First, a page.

There are as I see it three main problems
- WebServices are an interface specification only, contracts are often about logic
- There are lots of choices about how to do it, none of which do everything
- Many of the specification people don't work on end-user problems
The first is a major challenge. When we wanted to do obligate we just downloaded GroovyRules and used JSR 94, a little bit of Java SE 5 annotations and it was done.
With Web Services its much more complex, you could apply an XSLT to do increased data restrictions, use WSDL-S (Semantics) and OWL files to do some of the richer comparisons between data like comparing fields and the like. And then you could tie in BPEL to do the functional preconditions that need to be done. Its not quite so easy really is it? And to me this is part of the challenge raised by point 3. When people are using Web Services and talking about governance they want to do the sort of simple business things like "not between 2am and 5am" or "Must have valid PO" which require a call to another functional service or system facility.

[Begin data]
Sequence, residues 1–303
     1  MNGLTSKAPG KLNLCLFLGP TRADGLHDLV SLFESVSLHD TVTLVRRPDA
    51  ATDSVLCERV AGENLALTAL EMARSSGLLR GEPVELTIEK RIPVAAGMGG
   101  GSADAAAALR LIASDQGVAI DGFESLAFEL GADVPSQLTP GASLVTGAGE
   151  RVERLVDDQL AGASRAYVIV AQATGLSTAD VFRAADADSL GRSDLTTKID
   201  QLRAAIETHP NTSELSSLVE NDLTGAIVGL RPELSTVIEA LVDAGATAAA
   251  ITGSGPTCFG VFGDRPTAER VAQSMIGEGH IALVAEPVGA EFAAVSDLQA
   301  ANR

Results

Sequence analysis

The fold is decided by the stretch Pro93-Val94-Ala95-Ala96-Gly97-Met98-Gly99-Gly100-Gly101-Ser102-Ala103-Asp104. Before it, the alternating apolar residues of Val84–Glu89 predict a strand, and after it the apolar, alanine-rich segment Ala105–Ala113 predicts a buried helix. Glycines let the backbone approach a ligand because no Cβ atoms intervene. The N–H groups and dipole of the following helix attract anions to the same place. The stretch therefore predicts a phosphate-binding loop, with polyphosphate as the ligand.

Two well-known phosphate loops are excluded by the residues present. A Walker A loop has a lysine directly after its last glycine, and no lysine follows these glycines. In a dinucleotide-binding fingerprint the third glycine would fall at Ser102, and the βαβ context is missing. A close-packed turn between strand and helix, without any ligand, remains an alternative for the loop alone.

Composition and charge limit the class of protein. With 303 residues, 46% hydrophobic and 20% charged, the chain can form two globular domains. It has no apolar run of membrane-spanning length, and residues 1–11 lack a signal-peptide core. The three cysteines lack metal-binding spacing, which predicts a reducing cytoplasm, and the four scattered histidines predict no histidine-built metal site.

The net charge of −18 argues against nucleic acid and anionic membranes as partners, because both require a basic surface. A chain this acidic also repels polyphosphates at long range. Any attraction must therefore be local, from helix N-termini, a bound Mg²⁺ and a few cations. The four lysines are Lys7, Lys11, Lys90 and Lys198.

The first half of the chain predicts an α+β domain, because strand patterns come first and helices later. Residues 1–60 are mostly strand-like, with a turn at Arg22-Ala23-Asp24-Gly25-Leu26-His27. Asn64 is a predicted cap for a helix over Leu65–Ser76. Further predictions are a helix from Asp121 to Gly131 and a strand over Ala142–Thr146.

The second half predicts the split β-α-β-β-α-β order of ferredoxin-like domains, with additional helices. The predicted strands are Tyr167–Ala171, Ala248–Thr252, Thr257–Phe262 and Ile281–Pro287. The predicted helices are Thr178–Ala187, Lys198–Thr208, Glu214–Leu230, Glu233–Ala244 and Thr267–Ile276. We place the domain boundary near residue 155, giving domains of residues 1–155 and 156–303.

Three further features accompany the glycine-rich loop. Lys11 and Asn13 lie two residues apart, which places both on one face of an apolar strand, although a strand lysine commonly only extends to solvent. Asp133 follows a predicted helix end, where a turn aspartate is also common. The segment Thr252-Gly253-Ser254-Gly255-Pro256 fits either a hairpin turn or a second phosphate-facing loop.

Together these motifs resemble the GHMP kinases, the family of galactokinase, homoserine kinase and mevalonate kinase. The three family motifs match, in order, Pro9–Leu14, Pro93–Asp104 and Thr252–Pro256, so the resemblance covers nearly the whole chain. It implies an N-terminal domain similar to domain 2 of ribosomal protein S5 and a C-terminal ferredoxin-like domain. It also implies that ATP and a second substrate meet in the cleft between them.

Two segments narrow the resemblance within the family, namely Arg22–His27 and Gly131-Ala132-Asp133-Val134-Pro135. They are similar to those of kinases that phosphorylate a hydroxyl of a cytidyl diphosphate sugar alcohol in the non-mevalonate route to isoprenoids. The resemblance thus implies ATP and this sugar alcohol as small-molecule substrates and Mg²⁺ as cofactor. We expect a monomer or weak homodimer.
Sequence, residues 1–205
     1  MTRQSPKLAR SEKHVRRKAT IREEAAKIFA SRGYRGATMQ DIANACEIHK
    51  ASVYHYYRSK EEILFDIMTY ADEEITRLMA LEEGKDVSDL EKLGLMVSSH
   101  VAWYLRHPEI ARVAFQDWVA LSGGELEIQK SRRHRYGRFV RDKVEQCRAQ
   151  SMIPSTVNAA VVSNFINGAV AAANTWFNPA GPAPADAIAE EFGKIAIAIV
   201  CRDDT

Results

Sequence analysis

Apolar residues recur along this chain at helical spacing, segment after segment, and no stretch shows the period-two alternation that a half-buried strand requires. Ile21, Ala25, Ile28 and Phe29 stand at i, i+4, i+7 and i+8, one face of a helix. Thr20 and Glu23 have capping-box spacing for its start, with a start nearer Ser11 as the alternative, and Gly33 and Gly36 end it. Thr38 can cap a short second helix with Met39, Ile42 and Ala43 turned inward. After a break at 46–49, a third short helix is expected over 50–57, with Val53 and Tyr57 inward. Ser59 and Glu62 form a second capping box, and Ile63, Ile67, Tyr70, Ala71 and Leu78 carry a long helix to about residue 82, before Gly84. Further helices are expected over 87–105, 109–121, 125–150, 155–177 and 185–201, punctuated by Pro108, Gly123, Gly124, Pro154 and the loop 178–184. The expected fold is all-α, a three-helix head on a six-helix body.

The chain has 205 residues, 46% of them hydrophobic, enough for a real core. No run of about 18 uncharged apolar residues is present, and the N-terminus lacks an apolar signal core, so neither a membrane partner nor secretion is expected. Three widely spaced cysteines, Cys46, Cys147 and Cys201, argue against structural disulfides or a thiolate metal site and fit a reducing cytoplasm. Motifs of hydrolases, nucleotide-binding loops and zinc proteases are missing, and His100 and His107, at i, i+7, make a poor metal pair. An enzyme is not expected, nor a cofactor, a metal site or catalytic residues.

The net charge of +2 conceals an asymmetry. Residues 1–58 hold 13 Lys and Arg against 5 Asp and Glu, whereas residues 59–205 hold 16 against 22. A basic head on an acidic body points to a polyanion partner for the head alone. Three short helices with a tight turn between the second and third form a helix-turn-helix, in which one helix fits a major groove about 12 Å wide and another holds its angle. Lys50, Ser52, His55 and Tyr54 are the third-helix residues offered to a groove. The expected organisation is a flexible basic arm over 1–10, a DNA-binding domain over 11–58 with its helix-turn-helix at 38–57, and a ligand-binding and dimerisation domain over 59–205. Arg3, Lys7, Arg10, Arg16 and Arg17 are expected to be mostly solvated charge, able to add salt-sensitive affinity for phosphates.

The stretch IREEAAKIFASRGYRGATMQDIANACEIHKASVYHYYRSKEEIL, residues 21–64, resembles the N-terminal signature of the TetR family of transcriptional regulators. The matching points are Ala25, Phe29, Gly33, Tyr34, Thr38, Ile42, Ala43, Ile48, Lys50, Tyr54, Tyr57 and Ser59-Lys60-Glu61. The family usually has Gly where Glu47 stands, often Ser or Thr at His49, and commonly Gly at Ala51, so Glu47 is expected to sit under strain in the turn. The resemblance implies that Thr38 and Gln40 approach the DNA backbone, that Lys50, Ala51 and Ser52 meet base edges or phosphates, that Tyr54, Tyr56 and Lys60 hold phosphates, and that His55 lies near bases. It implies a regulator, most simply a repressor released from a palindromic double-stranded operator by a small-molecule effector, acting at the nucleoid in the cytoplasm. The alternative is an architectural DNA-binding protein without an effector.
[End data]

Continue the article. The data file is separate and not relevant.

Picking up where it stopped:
What we need is a simple way to define these things, via tools, where the massive complexity on what needs to be done is nicely hidden from business. It also needs to be applied in a consistent manner, such as WS-Policy, and definitely not in the WSDL file itself.